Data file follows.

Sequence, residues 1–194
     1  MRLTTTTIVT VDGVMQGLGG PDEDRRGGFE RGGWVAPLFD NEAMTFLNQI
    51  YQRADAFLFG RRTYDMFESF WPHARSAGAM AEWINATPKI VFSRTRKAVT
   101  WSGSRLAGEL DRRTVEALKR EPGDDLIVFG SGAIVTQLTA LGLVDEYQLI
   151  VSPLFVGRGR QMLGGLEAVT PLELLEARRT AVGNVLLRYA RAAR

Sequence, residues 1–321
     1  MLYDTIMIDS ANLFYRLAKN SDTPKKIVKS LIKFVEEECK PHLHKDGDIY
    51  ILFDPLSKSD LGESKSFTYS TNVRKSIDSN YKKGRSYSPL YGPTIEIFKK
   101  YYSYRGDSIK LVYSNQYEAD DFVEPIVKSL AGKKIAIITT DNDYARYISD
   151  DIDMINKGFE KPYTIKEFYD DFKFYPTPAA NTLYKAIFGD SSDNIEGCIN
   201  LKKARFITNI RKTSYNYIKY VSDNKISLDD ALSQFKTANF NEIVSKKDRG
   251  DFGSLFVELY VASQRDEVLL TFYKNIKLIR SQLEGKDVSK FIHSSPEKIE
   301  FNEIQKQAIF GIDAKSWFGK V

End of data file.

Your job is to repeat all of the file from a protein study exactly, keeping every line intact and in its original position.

Sequence, residues 1–194
     1  MRLTTTTIVT VDGVMQGLGG PDEDRRGGFE RGGWVAPLFD NEAMTFLNQI
    51  YQRADAFLFG RRTYDMFESF WPHARSAGAM AEWINATPKI VFSRTRKAVT
   101  WSGSRLAGEL DRRTVEALKR EPGDDLIVFG SGAIVTQLTA LGLVDEYQLI
   151  VSPLFVGRGR QMLGGLEAVT PLELLEARRT AVGNVLLRYA RAAR

Sequence, residues 1–321
     1  MLYDTIMIDS ANLFYRLAKN SDTPKKIVKS LIKFVEEECK PHLHKDGDIY
    51  ILFDPLSKSD LGESKSFTYS TNVRKSIDSN YKKGRSYSPL YGPTIEIFKK
   101  YYSYRGDSIK LVYSNQYEAD DFVEPIVKSL AGKKIAIITT DNDYARYISD
   151  DIDMINKGFE KPYTIKEFYD DFKFYPTPAA NTLYKAIFGD SSDNIEGCIN
   201  LKKARFITNI RKTSYNYIKY VSDNKISLDD ALSQFKTANF NEIVSKKDRG
   251  DFGSLFVELY VASQRDEVLL TFYKNIKLIR SQLEGKDVSK FIHSSPEKIE
   301  FNEIQKQAIF GIDAKSWFGK V